There are so many communications standards out there: Modbus, Fieldbus, Profibus, Hart, and that’s just a few. You can get systems with HMI’s and PLC’s and RTU’s and… Yikes!
So how do you choose? What do they mean? “I just want to get the readings from my sensors!”
We hear you. We make several of our sensors Modbus-compatible, but we don’t do it for our sake, or even Modbus’s sake. We do it for you. So today, let’s take a look at what Modbus is, and why we use it.
What is Modbus?
Modbus is a “communication protocol suite … used to establish master-slave/client-server communication between intelligent devices.” Clears things right up, doesn’t it?
Ok, a bit more generally, Modbus is a framework (that’s the protocol) for storing and sharing information (that’s the communication part) between instruments (sensors, transducers, etc.) and controllers (that’s the master-slave/client-server part). The Modbus framework specifies four general characteristics of the devices and communication between them:
- The master-slave relationship
- The message architecture
- The data storage architecture on slave devices
- The physical characteristics of the network connecting the devices.
Modbus Master-Slave Relationship
Modbus requires a specified master-slave relationship between the instruments and controller on a Modbus network. Each Modbus network must have one master device and at least one slave device.
Slave devices are the instruments: the sensors, transducers, valves, servos, etc., that collect or act on the conditions in your process system. Each slave device has a unique network number that serves as its address, enabling the master to address one device at a time. A slave device does not act on communication that is addressed to another device. This allows slaves to be daisy-chained, rather than wired individually to the master device.
Master devices are the controllers, generally a computer or PLC. However, any device programmed with controlling capabilities and a human interface can function as master device. There can only be one master device on a Modbus network, so if multiple control-capable devices are connected together, all but one must be able to function as slaves.
Communication between a master and slave(s) is only initiated by the master device. The master device can communicate in unicast mode, addressing only a single slave, or in broadcast mode, addressing all of the slaves with a single message. The master device can either write information to the slaves, or read specific information from the slaves.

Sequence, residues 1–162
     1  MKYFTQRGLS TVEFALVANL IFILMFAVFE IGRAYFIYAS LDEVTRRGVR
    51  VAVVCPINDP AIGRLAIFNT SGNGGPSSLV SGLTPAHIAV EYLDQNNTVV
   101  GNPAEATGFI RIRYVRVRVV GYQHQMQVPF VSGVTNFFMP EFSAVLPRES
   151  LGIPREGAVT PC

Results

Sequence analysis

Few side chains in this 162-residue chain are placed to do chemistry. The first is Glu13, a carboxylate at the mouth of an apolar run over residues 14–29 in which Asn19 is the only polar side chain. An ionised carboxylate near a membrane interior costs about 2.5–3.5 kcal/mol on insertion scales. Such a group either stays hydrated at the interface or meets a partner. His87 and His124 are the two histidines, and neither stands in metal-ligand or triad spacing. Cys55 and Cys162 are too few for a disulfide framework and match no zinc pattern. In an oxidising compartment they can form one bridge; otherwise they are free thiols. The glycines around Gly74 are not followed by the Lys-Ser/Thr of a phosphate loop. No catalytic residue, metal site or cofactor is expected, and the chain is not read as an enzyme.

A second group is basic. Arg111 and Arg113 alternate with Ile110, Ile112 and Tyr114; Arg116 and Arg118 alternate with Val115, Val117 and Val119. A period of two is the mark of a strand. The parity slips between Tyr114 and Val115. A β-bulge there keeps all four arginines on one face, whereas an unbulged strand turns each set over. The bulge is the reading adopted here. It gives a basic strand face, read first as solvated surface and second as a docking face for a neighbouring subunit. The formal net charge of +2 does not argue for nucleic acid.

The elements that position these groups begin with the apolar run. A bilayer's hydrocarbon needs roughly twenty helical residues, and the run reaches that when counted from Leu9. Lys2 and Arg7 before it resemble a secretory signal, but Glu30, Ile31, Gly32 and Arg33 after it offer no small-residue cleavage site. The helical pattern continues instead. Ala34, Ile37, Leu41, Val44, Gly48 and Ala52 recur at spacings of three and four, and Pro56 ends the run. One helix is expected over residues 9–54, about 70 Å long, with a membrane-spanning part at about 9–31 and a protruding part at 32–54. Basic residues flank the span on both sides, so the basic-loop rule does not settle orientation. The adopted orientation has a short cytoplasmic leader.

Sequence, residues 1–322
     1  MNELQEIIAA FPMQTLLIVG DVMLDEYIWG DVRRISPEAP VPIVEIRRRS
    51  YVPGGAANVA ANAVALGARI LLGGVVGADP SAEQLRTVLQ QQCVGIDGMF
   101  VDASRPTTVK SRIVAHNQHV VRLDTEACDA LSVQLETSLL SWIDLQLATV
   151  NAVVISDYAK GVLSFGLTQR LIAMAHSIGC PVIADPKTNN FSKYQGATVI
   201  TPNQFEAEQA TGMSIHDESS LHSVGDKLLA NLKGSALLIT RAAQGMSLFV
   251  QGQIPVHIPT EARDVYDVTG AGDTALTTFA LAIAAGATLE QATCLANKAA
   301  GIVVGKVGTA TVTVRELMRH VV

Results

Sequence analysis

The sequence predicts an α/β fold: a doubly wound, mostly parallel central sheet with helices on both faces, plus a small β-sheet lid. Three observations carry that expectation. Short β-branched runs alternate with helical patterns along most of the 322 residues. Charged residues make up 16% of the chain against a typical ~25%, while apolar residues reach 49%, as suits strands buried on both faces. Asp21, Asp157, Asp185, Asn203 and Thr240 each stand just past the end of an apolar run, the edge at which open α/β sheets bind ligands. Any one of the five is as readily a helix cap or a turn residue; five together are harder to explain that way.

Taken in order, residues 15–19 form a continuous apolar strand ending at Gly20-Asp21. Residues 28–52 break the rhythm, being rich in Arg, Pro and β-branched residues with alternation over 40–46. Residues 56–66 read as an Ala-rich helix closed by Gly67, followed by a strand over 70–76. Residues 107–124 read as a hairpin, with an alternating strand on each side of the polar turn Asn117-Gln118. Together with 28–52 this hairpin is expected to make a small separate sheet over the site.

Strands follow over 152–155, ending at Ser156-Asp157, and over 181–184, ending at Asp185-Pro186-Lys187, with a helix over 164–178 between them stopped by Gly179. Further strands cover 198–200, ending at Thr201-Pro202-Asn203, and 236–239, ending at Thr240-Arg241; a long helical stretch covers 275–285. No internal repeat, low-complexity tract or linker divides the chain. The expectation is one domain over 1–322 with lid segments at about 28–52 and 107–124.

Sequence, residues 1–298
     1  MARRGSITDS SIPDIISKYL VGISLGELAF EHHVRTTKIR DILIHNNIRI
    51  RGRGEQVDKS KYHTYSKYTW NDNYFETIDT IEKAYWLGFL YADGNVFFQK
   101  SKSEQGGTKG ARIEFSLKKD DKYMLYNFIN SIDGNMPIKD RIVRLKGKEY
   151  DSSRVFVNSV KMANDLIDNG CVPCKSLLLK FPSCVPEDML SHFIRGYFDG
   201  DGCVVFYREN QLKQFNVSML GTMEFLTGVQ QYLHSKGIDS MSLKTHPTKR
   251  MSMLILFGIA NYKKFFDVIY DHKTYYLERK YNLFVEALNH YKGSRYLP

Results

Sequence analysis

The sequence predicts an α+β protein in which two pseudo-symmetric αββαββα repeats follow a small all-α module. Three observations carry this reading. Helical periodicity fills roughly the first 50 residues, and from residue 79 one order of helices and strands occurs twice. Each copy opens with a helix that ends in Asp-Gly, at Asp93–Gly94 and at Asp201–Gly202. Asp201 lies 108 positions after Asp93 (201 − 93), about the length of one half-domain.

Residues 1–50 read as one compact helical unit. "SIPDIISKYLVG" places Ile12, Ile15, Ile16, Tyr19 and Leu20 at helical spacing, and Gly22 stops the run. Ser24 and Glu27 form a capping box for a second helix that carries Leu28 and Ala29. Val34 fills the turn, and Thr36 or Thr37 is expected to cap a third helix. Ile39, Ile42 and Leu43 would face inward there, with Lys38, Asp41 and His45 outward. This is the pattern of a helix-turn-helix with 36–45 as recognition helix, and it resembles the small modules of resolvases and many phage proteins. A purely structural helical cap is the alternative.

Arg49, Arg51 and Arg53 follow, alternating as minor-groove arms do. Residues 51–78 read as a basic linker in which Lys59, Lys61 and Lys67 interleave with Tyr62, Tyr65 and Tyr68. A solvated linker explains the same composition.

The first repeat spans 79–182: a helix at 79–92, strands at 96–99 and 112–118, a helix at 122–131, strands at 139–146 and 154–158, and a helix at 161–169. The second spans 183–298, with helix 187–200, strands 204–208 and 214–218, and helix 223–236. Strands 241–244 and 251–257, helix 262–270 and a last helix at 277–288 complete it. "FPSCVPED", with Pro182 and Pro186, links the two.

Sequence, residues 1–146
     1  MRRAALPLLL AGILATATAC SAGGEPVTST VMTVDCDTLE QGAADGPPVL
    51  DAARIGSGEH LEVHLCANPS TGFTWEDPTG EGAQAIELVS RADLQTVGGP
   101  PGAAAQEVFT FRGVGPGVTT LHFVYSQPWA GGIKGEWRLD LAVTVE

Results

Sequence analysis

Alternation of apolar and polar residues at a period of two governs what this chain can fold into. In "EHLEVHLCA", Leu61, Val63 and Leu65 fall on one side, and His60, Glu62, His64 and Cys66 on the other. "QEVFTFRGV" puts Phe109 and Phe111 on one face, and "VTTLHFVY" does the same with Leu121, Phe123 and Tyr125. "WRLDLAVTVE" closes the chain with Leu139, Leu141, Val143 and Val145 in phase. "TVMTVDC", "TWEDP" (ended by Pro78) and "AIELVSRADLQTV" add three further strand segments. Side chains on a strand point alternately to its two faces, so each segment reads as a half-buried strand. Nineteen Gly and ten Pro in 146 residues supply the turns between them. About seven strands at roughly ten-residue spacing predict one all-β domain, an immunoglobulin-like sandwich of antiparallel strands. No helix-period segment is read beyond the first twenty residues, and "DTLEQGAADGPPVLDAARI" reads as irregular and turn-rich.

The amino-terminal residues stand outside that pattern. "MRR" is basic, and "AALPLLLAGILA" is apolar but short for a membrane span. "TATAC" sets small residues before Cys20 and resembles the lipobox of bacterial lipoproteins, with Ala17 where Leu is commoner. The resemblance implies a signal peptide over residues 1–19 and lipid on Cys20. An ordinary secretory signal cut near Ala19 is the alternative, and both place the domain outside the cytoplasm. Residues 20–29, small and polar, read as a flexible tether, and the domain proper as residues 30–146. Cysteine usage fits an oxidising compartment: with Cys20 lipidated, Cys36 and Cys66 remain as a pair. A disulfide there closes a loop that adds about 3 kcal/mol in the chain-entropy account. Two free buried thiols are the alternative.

Modbus Message Architecture
Any communication protocol worth its salt has to specify how the messages are put together. This covers both what fancy people call the ADU and PDU (Application Data Unit and Protocol Data Unit. See? Fancy!) and the message frame. For Modbus over serial communication, the frame consists of the slave address, the function code, any data being passed, and frame error checking. Modbus also establishes timing required for communication between devices. This includes minimum time between messages and maximum silence within a message.
Modbus Data Storage Architecture
One of the most unique features of Modbus is the specific-yet-flexible data storage architecture. Modbus specifies data addresses corresponding to four tables in each slave device. Two in particular are the most interesting: the Input Registers and Holding Registers.
As seen from the perspective of the master device, the Input Registers on a slave device contain the information to be read into the master device. That is, this is where the slave device stores its output data. These registers are read-only for the master device. The Holding Registers are where configuration information (i.e., parameters) is written by the master device. While they are primarily for being written to by the master device, the Holding Registers can also be read by the master device to confirm their contents.
Modbus Network Characteristics
In keeping with the specific-yet-flexible theme, Modbus networks are allowed some variations within a defined set of requirements. Because Modbus is usually implemented on a serial line system, the primary requirement is paired data conductors. Whether using two or four wires, the transmitting wires are configured as balanced pairs to match the Transmitting and Receiving connections on the devices. The connections and wires are generally labeled using the serial conventions or Tx+ and Tx-, or A and B, or sometimes both. Most manufacturers of serial transceiver chips use A/Tx- and B/Tx+ notations, but some reverse the relationships (i.e., A/Tx+ and B/Tx-). As far as Modbus (and RS-485) is concerned, neither is right or wrong; as long as the pair is balanced, it will work for Modbus.
Why Does APG Use Modbus?
APG’s use of Modbus grew out of the needs of you, our customers, to be able interface our sensors with existing control systems. Proprietary communications work well with proprietary instruments and controllers, but they don’t integrate well with other systems. Because Modbus is widely excepted and implemented, and is an open-source standard, devices that use Modbus provide high value to users. Modbus also allows the flexibility to connect slaves and controllers from a multitude of manufactures.
At APG, while we enjoy and take great pride in designing and manufacturing high quality sensors and transducers, our efforts would be pointless if they didn’t match up to our customers’ needs. In essence, we chose to manufacture Modbus devices because they represent the greatest value for you.
Have questions about your Modbus device, or how to incorporate Modbus into your existing system? Let our Measurement Experts help you! Our thorough knowledge is available to you via phone, email, and on-line chat.
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